Evolving niches within the cybersecurity industry are where new investment gems are discovered. Prices are being driven higher; extra care needs to be taken when investing in cybersecurity companies. Nascent sub-sectors, like CASB and automation, can be particularly difficult to evaluate due to the lack of information about the companies that operate in these areas. This is an especially challenging problem because key players can be quickly snapped up with no warning. At TrueBit, we’ve built our business on the ability to quickly identify and evaluate emerging sub-sectors, including which companies are ripe for acquisition. We pay special attention to the players in these arenas. We also evaluate deals that we weren’t involved in. We ask and answer questions, like “What is the right revenue multiplier for companies in this sub-sector?” and “Did FireEye get a deal on iSIGHT at $200 million?” There is also much to know about the companies doing the acquiring. What’s the inside story? Are they thriving or are their employees staging a mass exodus? Do they themselves make a good acquisition target? If so, by who? What do their acquisitions mean to the industry; how do they change the landscape?

Acquisitions are being made that will benefit or harm the deal participants, their customers and the industry.

Acquisitions have already begun to shape the security landscape — some for better and some for worse. One of our goals at TrueBit is to guide clients toward deals that provide a material improvement in the products and services offered to the organizations that need to rely on them for defense. When buyers of security products and services benefit from worthwhile consolidation, the providers of those products and services benefit — as do their investors — creating a positive feedback loop. The converse is true; deals that don’t make sense create a negative feedback loop that can doom otherwise good security companies.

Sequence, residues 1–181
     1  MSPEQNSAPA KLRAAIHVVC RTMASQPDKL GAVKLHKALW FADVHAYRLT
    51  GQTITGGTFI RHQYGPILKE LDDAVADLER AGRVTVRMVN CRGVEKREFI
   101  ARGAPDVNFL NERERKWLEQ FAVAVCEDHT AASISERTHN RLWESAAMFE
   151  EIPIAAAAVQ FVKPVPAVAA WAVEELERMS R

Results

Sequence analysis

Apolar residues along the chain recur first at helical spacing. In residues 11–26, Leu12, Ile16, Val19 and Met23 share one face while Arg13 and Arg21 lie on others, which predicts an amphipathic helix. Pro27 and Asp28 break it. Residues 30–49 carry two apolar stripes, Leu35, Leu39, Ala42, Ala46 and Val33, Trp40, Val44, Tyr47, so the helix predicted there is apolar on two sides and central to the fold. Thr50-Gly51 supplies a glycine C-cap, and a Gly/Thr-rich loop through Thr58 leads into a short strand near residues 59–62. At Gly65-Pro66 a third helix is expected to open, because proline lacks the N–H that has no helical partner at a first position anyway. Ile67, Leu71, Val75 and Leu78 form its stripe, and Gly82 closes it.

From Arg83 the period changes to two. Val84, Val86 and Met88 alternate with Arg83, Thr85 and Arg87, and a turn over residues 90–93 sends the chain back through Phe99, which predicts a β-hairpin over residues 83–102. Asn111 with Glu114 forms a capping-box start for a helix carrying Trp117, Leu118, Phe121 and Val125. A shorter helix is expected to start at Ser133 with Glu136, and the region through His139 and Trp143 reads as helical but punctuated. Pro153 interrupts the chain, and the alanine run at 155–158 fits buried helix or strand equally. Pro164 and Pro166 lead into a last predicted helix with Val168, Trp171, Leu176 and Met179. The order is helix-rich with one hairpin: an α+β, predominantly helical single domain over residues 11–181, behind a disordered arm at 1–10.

As an example, the acquisition of companies by FireEye is likely to have poor results. FireEye has clearly been struggling in areas such as talent retention and customer support since the acquisition of Mandiant. These struggles have allowed competitors to catch up to FireEye and reduce the size of its moat — which is likely why FireEye is on an acquiring spree. FireEye customers are seeing significant discounting with little negotiation due to the existence of competitors with compelling offerings, which will hurt its margins. By themselves, both FireEye and Mandiant were solid companies with top shelf offerings in their respective practice areas. With the parent company struggling as a result of past M&A activity, additional acquisitions will likely compound the problem and hurt the acquired businesses — and their customers.

It makes sense for M&A participants to partner with someone who can accurately assess the synergies resulting from a potential deal. TrueBit is the only company that specializes exclusively in market and technical due diligence of cybersecurity companies. We’ve worked on some of the highest profile deals in the industry and have found that a strong technical due diligence review can materially shape key deal dynamics. For example, a client equipped with our technical due diligence assessment and their own financial and legal due diligence was able to make a purchase of a high profile cybersecurity company at what we viewed as a 20% discount.